The Digital Transformation Agency has revealed more details about its overhaul of the government’s telco buying arrangements, with the planned panel now expected to take the form of a marketplace.
The government’s peak IT agency this week released its second discussion paper as part of a request for information for the proposed panel ahead of a market approach later this year.
As revealed by the agency earlier this year, the panel is intended to shift the government’s telco buying scheme to a “flexible outcomes based” converged services model.
It is the latest in a series reforms to co-ordinated buying schemes sparked by recommendations by a ICT procurement taskforce in August 2017.
The panel will replace the government’s existing telecommunications services panel, which the government considers a traditional, siloed services panel construct.
That panel, which was only introduce in 2016 and still has another four years of life, consists of Macquarie Telecom, Nextgen Networks, Optus Networks, Sliced Tech, Telstra, TPG and Verizon.
The new panel will also replace the expiring mobile panel and expired telecommunication management panel, while a number of new service categories will also be included for the first time.
These include newer technologies such as dark fibre, unified communications, and software-defined WAN or networking as a service (NaaS).
But since the original discussion paper was released, the DTA has renamed the proposed panel the telecommunications marketplace panel, which will launch early next year.
“The DTA plans to establish a new telecommunications marketplace panel to make sourcing telecommunications services and solutions simpler, clearer and faster for buyers and sellers,” the discussion paper states.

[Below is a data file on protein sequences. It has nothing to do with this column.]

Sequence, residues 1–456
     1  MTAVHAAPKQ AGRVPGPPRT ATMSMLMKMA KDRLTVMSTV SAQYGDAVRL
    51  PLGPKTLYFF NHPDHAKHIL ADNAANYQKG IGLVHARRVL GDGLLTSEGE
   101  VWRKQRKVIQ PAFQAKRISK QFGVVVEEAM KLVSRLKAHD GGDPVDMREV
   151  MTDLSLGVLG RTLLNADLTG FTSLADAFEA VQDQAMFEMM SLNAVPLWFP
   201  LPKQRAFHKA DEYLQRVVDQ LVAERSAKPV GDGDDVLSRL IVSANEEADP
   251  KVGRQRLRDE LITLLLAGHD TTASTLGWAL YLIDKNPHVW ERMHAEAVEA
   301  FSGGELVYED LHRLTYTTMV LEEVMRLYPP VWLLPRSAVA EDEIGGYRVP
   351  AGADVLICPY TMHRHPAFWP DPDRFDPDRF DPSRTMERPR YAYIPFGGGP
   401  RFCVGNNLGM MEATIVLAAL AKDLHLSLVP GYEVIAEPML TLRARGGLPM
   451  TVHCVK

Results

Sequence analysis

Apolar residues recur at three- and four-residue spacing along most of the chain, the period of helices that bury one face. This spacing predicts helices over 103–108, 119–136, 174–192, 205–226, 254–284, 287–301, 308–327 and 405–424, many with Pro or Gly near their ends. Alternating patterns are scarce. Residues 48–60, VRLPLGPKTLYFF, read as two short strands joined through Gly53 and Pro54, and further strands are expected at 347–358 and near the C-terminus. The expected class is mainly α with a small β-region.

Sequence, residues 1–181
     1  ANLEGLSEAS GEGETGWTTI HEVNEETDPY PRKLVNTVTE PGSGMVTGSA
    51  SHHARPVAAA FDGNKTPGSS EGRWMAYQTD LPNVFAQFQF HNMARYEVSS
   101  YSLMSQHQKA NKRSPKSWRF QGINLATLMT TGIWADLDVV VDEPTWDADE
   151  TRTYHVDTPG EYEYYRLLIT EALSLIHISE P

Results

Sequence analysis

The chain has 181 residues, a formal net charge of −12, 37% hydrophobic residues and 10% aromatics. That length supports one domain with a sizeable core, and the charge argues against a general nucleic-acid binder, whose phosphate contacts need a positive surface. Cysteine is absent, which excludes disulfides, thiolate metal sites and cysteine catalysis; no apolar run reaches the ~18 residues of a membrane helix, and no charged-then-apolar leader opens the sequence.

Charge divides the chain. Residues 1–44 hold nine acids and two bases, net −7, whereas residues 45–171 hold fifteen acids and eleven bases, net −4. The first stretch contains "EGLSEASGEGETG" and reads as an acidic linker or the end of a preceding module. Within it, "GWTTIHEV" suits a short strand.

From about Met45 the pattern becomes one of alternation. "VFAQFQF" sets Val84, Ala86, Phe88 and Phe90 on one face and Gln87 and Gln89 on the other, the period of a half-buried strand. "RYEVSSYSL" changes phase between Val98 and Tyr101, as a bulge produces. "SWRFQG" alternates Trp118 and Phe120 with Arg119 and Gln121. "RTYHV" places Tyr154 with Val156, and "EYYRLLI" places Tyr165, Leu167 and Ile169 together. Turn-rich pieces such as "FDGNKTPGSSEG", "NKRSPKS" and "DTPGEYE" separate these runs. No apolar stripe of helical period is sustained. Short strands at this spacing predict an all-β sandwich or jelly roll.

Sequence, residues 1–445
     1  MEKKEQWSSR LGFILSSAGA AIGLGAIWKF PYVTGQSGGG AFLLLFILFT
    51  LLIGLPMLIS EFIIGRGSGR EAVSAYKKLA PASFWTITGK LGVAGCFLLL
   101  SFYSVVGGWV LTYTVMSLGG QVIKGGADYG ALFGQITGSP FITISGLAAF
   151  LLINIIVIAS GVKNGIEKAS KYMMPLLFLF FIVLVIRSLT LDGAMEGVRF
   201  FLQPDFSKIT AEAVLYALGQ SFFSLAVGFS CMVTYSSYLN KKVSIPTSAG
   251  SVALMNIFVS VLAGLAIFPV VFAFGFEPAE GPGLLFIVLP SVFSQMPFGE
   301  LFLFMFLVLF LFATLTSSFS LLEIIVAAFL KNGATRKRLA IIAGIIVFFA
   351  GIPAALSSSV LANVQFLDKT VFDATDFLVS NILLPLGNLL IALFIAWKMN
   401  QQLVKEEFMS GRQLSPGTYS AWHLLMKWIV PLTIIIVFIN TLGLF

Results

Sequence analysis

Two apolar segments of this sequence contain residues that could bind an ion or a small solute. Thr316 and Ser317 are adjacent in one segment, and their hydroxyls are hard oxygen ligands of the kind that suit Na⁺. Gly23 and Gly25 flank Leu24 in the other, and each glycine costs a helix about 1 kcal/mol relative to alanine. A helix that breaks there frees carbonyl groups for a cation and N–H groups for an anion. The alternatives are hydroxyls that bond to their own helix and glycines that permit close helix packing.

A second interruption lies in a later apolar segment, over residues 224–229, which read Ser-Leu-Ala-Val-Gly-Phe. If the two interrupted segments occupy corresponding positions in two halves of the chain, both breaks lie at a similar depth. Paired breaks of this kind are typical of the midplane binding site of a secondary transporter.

It is not understood whether this structure will mean a greater number of suppliers will be appointed, much like the DTA has done with the hardware marketplace, which is now home to 94 suppliers.
“Alongside internet, fixed voice and data carriage providers, the DTA is looking to establish a panel of managed service providers who can provide ‘full service’ telecommunications solutions to agencies,” the discussion paper states.
“Therefore, Applicants will only be admitted as panellists to categories where they are able to supply every subcategory of goods/services under that category.”
Some of the pricing models being proposed by the DTA is “a monthly fixed price for an agreed number of services, with project work priced separately and a monthly variable performance fee that is adjusted based on achievement of service levels”.
The panel is expected to cover ten common service categories, including data carriage, internet carriage, fixed line voice carriage, managed network, unified communications, managed voice, dark fibre, contact centre, secure internet gateways (in the future) and enterprise mobility.
Submissions to the RFI giving suppliers the opportunity to help the DTA refine the panel will close 8 October 2019.